Monday, June 25, 2007

Fifteen Tons (and a garden rake)

Each day, as I look through my windshield up the 150+ feet to the road, I feel a sense of pride. The driveway itself might not appear so inspirational, as it’s only a smooth layer of crushed stone. It IS, however, a smooth layer of crushed stone—15 tons worth, all raked out by yours truly with a garden rake.

A contractor constructed the original driveway (and the utility pole, the septic tank, and such), laying crushed limestone by driving slowly while gradually dumping the cargo, but in a few years, the stone sank into the clay soil, particularly when heavy fuel trucks hazarded the drive. So, years later, a new neighbor, also a contractor, offered to drive his small dump truck to the quarry for a load of crusher—and the problem was solved with a new layer of stone.

Sort of. Over the years, erosion chipped away until the ruts were so bad that negotiating the drive required noting high ground for the tires. My neighbor had moved, so I turned to the phone book late one afternoon.

I explained my problem, and started asking questions. “Hang on,” interrupted the woman on the other end of the phone. “I’ll get the guy you need to talk to.” OK.

When “the guy” (who turned out to be the owner of the business) came to the phone, I started again. After asking me questions about area and depth, he gave me a very reasonable price on five tons of crusher—but wasn’t sure if he could do it that day. “That’s fine,” I explained, understanding this was late in the day, and the job certainly wasn’t urgent. “No, no—I just need to find if we have a free truck” (they were out at construction sites). “Let me call you back in five minutes.” Gotta love a guy who gets business—here’s a customer, checkbook in hand, ready to deal. Get the man some stone.

He didn’t call back—he showed up 20 minutes later (impressive, since his business is 15 minutes away). We talked, I explained where I wanted the stone, he said he’d try, did an awesome spread—and noted that he’d given me a few extra tons. I could see that. Roughly, he grabbed a truck with two tons of crusher, added the five tons, and dumped what he had. From our chat, he was clearly building a new business, and I was certainly a satisfied customer.

I spent a few weeks raking out the stone with a rake—not an easy task, working on it a few hours a day (and nursing my sore muscles). But, as the sea of stone gradually settled, I realized I would need another load to finish the job.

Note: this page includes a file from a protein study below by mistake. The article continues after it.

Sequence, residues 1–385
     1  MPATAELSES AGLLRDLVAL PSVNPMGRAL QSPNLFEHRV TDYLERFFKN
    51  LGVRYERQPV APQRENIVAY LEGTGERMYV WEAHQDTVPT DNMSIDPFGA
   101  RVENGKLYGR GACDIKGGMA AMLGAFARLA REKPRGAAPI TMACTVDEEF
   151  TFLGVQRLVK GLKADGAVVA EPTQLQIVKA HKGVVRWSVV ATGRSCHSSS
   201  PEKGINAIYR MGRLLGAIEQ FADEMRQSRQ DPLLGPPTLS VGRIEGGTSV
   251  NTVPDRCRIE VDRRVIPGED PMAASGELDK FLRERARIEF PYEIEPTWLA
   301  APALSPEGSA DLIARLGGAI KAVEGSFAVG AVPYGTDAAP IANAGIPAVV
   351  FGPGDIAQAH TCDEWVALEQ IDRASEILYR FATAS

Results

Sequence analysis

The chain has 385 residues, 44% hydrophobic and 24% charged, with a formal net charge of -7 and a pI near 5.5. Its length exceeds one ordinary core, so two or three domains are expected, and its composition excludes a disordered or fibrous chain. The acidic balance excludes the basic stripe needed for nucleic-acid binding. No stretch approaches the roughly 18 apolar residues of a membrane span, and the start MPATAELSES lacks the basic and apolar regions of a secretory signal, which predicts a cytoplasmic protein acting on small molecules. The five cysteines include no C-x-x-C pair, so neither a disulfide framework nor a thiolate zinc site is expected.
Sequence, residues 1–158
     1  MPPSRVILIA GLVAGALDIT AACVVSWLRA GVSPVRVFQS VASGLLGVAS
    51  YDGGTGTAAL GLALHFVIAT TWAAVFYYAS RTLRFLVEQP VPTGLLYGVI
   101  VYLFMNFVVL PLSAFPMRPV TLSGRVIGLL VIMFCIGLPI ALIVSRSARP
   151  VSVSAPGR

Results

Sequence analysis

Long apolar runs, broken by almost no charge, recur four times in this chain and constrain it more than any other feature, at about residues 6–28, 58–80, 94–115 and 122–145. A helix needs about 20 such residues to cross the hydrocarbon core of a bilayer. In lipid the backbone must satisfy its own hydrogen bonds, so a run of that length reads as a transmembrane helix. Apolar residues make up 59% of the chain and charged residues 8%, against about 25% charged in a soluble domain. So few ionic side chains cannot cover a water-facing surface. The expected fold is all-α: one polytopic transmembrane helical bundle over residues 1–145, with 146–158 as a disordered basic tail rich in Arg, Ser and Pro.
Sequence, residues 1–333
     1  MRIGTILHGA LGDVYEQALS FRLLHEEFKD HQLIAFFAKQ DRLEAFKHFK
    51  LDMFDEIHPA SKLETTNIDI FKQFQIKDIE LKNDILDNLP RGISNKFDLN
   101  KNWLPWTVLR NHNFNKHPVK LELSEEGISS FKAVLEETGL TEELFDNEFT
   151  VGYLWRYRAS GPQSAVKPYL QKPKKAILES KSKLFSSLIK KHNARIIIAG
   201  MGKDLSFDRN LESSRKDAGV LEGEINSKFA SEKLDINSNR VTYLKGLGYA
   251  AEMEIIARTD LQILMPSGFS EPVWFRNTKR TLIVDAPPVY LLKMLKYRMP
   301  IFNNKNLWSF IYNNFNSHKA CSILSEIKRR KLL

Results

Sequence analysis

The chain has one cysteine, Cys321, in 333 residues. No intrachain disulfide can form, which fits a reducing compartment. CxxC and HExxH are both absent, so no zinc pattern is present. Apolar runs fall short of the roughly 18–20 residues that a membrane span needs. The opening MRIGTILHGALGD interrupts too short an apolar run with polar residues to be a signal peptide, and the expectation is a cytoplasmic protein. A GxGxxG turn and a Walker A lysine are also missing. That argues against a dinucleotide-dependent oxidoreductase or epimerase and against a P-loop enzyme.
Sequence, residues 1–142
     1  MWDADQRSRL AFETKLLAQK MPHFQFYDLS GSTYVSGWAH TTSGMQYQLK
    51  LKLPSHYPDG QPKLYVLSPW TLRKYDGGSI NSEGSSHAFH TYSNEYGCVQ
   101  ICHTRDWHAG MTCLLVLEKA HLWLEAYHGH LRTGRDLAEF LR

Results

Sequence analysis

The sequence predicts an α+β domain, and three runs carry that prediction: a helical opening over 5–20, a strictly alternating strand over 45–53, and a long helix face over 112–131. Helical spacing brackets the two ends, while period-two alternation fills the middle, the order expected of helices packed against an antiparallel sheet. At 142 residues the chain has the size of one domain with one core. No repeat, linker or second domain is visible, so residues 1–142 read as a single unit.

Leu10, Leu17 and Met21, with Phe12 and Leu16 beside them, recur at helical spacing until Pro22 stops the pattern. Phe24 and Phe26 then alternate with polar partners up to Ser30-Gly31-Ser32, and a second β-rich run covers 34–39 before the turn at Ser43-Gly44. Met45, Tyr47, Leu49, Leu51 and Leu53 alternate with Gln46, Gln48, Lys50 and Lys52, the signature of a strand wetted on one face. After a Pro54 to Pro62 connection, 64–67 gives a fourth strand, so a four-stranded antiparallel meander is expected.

I called the same business. This time, I got a very pleasant, witty young woman who, in the course of our conversation, revealed that she had recently been hired—the business was growing. I placed my request for another five tons of crusher, and by chance, it was again late in the afternoon. As before, my point that I didn’t need delivery that day was rebuffed, they’d find someone, and 20 minutes later, a very large dump truck arrived, driven by a polite but clearly not happy man. He surveyed the job. “I don’t like to spread uphill,” he noted, and given the size of his truck, I could see his point—we’d definitely be testing that thing’s center of gravity. “That’s fine,” I explained. “Just spread downhill and back up over it.” He agreed.

When he had done this, a significant load of crusher still lay in the dump truck’s bed. “Just leave the rest up here in a pile,” I asked, gesturing toward a depression near the road. “I expect to rake it out anyway.” He hesitated, then got into his truck, gingerly backed to the indicated spot (carefully avoiding the mailbox) and dumped the entire contents—clearly far more than the five tons I’d ordered (I estimate at least eight tons). “I gave you a little extra,” he said. “Thanks,” I answered, paid the man, and let him get home.

I’m reminded of graduate school in Cambridge. My housemates and I were struggling with difficult studies and difficult finances in an expensive corner of the world. We split up duties as best we could for mutual benefit, mine including visiting Boston’s Quincy Market at Faneuil Hall one a week for produce and seafood. This was a two day affair, Friday and Saturday, but I always went on Saturdays, around four o’clock, an hour before the end of the market. I’d walk around, buying nothing, just seeing what was available. Before long, though, merchants would realize they had unsold fish and fruit that wasn’t going to keep another week, and suddenly bananas were $1 a bunch, fresh seafood ridiculously inexpensive. Nor did I need to push my way through to the bargain table, since other merchants immediately took up the tune. I returned each week with two grocery bags full of food, $10 worth, all I could carry back home via the subway.

“Tons of work” certainly took on new meaning. Even wearing heavy work gloves, I had blisters all over both hands. I tried to use a shovel and wheelbarrow to move some of that stone pile, but I found that so unproductive that I settled for just gradually raking it down the drive. I’d work for a while and check the time—oh, just five minutes. Sigh. I hurt in places I didn’t know I had places. But every day a little more, and then every day a little adjustment, and eventually—done.

Now it’s a work of art. And now, as usual, I have a ton of work to do, and I can’t imagine how I’ll accomplish it. But I have a rake.

Writer

3 comments:

Two Write Hands said...

This post feels a little Elbert Hubbard-ish for the new century.

Writer said...

Ah. Well, perhaps this century could benefit a bit from idealism, fine books, and hand craftsmanship.

Thanks for the thoughtful post!

Writer

Two Write Hands said...

Back when he was teaching, my husband used to begin each semester of his remedial writing course with the Message to Garcia. The ones that got it didn't figure it out until long after the semester was over. It was the same way for him when he had the assignment.